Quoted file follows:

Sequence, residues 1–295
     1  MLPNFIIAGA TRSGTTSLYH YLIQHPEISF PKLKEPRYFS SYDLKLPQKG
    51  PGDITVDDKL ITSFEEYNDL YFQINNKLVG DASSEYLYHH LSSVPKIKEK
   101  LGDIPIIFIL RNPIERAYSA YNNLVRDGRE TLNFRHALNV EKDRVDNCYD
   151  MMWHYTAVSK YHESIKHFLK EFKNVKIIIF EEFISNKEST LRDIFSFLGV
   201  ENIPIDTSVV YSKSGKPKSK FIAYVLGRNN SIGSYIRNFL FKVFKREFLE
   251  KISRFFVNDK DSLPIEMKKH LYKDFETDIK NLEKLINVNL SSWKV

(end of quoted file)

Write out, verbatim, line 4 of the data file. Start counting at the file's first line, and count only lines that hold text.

   101  LGDIPIIFIL RNPIERAYSA YNNLVRDGRE TLNFRHALNV EKDRVDNCYD